FCA has published a package of measures to address weaknesses across the defined benefit transfer market. The key changes will:
- ban contingent charging in almost all circumstances. This will remove the conflict that an adviser would otherwise face if they were to get paid only if a transfer goes ahead, and will mean that good advisers whose advice is to stay put can compete for business;
- require advisers to consider any available workplace pension as a receiving scheme for a transfer and explain why any alternative solution is better. This will help reduce the need and costs for ongoing advice; and
- create an abridged advice process so consumers can get cheaper initial advice – but this is only permitted either to advise the customer not to move or to explain that clear advice cannot be given without a full engagement;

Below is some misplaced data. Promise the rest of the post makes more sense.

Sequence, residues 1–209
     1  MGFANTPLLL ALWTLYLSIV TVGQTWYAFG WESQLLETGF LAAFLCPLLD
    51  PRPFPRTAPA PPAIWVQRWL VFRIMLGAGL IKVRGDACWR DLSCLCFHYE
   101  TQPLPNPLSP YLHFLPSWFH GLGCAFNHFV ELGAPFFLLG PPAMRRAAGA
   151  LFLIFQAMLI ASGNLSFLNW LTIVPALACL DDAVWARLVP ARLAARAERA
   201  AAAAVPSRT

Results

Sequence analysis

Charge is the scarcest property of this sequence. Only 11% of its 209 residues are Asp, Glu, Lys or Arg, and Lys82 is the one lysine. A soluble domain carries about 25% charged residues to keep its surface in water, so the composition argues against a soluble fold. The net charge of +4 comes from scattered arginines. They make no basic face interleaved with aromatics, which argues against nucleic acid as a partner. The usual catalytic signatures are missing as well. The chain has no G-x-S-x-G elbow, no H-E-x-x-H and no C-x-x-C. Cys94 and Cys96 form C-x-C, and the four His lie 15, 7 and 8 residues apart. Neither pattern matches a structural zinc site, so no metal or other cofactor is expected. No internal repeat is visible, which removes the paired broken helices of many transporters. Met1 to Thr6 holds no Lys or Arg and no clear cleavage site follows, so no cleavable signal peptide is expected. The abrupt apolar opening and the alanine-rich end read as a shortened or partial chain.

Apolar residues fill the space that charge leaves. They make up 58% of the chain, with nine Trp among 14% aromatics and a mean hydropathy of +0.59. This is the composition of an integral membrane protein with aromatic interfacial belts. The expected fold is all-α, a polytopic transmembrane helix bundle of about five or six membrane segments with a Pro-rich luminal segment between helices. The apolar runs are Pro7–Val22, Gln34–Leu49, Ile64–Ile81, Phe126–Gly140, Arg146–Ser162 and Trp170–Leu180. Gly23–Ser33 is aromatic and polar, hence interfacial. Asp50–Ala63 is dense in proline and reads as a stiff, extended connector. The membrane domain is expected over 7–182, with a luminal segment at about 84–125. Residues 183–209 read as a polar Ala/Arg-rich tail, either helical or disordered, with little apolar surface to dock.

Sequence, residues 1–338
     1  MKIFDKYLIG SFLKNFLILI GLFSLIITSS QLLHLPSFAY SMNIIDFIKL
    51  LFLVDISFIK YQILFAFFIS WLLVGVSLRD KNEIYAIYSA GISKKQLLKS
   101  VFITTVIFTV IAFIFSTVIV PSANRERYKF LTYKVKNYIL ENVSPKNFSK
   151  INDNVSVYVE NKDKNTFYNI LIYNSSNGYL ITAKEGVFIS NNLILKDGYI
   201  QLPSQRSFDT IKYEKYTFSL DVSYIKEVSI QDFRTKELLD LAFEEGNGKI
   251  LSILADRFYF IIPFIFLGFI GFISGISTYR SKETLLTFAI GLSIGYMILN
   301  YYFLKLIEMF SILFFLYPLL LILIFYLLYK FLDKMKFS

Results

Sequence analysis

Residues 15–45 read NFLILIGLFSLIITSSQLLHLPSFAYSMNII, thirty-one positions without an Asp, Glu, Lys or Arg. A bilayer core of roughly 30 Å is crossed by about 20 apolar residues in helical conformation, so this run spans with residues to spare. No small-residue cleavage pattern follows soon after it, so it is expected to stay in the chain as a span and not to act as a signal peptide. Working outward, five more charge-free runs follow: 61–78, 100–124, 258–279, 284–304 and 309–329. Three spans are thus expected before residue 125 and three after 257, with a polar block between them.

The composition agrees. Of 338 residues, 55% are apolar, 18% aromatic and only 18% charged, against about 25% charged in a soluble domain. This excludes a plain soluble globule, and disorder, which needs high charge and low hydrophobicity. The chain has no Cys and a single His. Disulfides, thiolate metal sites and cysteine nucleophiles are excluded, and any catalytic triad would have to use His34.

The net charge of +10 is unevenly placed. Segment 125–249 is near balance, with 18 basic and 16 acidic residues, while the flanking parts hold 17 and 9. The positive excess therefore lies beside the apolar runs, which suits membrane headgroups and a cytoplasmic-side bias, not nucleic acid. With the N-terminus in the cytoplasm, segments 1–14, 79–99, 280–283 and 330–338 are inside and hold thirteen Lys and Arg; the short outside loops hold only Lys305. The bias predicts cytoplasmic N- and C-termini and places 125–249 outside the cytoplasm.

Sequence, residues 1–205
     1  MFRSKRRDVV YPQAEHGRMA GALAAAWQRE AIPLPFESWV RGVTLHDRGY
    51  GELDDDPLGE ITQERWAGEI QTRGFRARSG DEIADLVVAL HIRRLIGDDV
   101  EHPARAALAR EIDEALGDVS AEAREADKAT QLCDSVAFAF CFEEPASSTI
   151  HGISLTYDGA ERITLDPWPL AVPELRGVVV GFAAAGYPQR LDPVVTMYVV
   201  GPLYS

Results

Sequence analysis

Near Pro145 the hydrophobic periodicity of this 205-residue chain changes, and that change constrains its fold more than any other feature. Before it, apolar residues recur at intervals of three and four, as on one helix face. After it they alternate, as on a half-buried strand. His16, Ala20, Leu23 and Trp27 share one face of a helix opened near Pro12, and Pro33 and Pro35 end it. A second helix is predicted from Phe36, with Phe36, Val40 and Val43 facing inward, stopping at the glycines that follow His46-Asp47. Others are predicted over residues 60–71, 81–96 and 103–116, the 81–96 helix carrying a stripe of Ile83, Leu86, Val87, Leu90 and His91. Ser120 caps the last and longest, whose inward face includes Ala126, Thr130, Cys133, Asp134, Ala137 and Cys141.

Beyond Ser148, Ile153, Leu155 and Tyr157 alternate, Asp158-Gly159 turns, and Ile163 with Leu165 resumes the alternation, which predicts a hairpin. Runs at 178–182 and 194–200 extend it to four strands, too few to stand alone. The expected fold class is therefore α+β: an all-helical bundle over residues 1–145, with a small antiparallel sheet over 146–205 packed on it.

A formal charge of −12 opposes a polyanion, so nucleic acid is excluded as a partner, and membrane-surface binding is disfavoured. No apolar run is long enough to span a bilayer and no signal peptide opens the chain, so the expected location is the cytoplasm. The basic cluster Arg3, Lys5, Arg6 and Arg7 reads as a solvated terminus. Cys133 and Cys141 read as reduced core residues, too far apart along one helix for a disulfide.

FCA has also issued a guidance consultation identifying good and poor practice in processes to ensure customers get suitable advice. It has also created an “advice checker” for consumers to read, about the advice they have received.
FCA has also updated on its targeted supervisory work, collecting data from over 3,000 firms. Following the review, FCA fed back to over 1,600 of these firms and 700 of them have given up their permission to provide pension transfer advice. But it is not all bad. FCA found, in its in-depth reviews of the 85 firms that have been responsible for 43% of transfers between April 2015 and September 2018, that suitability has improved over time, and was at a level of 60% in 2018. But FCA is still concerned at the number of files that had information gaps or that appeared to be unsuitable (17%). It is undertaking 30 enforcement investigations.
Finally, FCA found a higher proportion of unsuitable files in samples relating to the British Steel Pension Scheme (47% were unsuitable and only 21% suitable). FCA is going to write to all the former members of the scheme who transferred out, so they can reconsider the advice they received, and complain if appropriate.